That’s when the statewide plastic carryout bag ban is set to take effect, which will have an impact on every single New Yorker. Businesses, such as supermarkets and your local grocer, will also begin collecting a five-cent fee on paper bags.
While the plastic bag ban may be a major inconvenience for many people, especially seniors and low-income New Yorkers, it’s a necessity if we want to seriously tackle climate change.
Residents across the state use 23 billion plastic bags annually, including 10 billion per year in the city. Every year, the Department of Sanitation collects 91,000 tons of plastic and paper bags.
You see them frequently clogging storm drains, stuck on tree branches and scattered on sidewalks. Environmentalists don’t like plastic bags because they’re made from fossil fuels.
Instead of plastic and paper bags, city officials want residents to use reusable bags, which DSNY is handing out throughout the city over the next few weeks. You can also find them at your local community board or elected official’s office.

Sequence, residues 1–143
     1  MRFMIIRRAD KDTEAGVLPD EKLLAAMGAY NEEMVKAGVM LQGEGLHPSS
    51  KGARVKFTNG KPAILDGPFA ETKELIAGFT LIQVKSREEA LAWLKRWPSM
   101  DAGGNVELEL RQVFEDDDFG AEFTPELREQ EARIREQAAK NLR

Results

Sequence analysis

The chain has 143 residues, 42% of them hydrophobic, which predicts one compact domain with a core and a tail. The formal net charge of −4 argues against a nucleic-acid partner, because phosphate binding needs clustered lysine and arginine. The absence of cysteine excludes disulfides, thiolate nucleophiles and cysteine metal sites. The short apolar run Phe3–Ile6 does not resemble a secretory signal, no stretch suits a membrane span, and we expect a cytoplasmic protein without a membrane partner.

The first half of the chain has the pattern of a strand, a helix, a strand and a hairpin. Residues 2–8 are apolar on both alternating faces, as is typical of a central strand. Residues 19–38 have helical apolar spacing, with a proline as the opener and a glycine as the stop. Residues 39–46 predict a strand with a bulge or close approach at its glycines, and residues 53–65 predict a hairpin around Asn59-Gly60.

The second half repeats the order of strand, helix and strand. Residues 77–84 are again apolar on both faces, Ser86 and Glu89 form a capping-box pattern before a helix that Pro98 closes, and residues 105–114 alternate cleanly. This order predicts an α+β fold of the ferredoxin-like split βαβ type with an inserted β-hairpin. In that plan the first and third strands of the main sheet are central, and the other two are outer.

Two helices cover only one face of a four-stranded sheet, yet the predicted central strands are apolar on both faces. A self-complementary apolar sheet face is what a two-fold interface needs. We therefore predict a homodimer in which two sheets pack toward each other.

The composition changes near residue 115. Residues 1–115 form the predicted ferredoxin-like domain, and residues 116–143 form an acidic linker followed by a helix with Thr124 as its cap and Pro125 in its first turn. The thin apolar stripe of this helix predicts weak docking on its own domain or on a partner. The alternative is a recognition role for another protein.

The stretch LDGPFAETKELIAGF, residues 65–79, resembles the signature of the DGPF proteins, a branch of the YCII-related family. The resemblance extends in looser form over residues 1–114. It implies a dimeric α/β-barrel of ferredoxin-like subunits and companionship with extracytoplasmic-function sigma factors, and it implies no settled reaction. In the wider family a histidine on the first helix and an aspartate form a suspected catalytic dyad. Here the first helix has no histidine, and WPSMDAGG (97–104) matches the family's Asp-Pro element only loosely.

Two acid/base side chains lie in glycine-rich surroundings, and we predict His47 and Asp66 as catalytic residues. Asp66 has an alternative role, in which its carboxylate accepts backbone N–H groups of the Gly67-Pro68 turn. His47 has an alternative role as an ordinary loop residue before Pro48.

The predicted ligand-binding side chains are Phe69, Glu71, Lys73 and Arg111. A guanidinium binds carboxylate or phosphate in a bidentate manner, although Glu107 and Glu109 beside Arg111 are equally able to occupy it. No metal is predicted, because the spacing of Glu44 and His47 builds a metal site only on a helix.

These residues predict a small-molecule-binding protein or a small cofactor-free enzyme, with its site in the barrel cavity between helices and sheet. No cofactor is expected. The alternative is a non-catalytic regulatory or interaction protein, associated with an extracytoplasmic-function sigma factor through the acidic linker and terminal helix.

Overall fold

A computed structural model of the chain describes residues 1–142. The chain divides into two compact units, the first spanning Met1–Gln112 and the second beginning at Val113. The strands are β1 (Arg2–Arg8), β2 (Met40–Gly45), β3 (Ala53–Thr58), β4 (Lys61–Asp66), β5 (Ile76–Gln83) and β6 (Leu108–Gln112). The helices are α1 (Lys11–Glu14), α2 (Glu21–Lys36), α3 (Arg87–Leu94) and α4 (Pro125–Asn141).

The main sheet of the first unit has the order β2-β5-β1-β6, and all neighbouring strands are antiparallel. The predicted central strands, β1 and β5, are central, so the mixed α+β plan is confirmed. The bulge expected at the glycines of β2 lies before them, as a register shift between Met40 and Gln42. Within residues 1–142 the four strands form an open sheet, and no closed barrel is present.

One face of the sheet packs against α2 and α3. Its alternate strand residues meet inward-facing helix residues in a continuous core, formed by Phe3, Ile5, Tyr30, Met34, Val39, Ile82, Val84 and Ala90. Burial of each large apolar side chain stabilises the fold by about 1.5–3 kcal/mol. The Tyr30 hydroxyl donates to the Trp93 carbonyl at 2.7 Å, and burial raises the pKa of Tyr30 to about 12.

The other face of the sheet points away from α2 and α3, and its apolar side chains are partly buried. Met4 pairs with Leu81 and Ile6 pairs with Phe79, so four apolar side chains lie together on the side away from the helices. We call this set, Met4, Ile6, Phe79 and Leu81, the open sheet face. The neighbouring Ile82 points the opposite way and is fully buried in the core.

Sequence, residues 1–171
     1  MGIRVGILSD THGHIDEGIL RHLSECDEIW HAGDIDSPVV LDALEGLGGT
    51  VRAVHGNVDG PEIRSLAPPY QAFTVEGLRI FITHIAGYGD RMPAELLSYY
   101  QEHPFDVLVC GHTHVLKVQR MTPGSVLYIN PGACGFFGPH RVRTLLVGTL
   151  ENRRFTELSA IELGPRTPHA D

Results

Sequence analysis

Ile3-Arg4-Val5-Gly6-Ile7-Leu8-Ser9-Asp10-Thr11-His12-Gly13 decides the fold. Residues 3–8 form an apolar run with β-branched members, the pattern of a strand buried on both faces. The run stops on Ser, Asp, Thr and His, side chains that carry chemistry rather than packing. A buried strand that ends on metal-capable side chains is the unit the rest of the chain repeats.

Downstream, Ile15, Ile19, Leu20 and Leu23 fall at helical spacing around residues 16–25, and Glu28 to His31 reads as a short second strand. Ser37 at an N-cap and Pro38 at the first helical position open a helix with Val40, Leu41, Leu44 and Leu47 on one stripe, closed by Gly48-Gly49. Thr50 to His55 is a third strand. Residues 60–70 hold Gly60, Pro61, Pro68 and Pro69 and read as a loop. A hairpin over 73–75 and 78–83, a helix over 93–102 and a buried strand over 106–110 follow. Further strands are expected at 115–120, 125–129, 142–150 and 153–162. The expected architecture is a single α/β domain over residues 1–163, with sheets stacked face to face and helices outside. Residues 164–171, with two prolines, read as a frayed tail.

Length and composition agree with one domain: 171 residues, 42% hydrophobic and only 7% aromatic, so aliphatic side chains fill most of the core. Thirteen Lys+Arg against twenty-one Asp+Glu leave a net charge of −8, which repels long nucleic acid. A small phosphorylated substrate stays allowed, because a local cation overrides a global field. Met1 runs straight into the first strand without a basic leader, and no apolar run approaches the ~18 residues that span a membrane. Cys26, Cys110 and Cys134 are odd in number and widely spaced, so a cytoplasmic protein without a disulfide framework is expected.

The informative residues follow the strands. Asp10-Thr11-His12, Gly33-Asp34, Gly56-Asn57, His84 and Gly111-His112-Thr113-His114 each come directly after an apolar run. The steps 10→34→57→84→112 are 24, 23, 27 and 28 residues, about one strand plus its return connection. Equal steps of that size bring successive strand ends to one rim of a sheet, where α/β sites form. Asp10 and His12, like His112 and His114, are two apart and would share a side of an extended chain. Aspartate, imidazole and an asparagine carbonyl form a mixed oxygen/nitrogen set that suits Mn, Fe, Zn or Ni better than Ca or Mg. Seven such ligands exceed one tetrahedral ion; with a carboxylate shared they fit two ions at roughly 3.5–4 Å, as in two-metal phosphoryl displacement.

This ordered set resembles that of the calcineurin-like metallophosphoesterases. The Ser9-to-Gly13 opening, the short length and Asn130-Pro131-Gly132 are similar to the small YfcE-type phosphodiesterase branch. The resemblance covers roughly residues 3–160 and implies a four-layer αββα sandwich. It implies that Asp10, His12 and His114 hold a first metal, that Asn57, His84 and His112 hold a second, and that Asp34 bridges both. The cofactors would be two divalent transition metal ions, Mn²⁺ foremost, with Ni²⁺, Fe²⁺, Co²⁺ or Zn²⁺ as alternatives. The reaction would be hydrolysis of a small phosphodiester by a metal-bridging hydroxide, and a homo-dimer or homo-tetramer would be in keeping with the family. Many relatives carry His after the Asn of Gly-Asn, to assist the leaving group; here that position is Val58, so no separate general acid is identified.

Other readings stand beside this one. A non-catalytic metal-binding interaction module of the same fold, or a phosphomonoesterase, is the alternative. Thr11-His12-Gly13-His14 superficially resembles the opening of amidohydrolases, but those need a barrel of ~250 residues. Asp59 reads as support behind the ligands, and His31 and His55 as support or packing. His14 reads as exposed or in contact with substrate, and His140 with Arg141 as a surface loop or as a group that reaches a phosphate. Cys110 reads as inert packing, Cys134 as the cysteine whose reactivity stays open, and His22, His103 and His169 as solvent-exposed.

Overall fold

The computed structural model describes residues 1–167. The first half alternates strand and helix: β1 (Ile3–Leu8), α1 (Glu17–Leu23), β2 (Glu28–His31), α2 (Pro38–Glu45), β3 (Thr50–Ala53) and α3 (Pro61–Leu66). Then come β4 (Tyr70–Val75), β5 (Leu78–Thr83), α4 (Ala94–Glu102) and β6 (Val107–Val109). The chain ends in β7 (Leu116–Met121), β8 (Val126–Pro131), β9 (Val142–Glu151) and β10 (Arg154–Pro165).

Residents should be able to make the switch without a problem. Just remember to put a reusable bag in your backpack the next time you head to the supermarket to buy groceries.
While the plastic bag is a state policy, the city has an important role to play in continuing to educate residents about why it’s important to the environment.
DSNY should aim to hand out reusable bags to as many New York City residents as they can to make the transition as smooth as possible. Businesses should also inform and encourage customers to convert to reusable bags.
Together, we as a city can make the transition seamlessly.